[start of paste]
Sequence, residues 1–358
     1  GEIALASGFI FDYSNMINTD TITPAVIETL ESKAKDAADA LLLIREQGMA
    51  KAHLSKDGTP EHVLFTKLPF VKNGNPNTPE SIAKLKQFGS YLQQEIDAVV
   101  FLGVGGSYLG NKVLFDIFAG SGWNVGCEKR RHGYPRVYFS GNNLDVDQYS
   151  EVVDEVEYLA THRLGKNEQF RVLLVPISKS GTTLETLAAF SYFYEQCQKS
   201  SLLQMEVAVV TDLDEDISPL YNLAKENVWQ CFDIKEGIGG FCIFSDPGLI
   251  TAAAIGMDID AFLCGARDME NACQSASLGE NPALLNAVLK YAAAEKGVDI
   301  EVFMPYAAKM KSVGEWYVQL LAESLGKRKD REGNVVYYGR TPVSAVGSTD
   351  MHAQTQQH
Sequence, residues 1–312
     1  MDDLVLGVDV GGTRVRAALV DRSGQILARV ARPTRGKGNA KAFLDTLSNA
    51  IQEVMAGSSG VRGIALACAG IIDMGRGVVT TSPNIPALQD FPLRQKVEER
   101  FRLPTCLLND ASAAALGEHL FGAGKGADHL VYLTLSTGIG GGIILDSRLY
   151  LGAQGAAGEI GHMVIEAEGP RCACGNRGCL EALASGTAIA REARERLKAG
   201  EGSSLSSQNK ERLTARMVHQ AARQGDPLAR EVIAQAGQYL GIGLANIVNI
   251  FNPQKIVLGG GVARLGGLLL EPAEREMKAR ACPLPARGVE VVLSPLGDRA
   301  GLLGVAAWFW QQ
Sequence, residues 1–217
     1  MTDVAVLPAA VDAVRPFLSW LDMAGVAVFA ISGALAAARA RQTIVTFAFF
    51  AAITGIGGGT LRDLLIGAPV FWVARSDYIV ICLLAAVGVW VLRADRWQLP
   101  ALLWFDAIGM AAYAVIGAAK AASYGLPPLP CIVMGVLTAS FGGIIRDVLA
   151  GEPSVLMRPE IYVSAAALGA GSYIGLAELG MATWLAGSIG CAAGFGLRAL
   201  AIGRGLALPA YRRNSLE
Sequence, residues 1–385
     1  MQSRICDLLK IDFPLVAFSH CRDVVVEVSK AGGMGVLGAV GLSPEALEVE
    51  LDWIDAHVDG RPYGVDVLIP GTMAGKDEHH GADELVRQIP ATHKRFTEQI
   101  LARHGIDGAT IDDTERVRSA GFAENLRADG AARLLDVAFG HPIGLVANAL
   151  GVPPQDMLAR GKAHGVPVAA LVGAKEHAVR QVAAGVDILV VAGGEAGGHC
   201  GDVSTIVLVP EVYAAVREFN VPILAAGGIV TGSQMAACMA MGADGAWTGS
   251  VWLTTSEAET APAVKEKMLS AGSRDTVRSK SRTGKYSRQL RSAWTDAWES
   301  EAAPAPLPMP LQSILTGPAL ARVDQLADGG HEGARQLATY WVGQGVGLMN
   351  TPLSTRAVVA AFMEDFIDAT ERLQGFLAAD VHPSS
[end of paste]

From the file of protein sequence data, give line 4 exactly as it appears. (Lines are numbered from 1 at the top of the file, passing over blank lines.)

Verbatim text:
   101  FLGVGGSYLG NKVLFDIFAG SGWNVGCEKR RHGYPRVYFS GNNLDVDQYS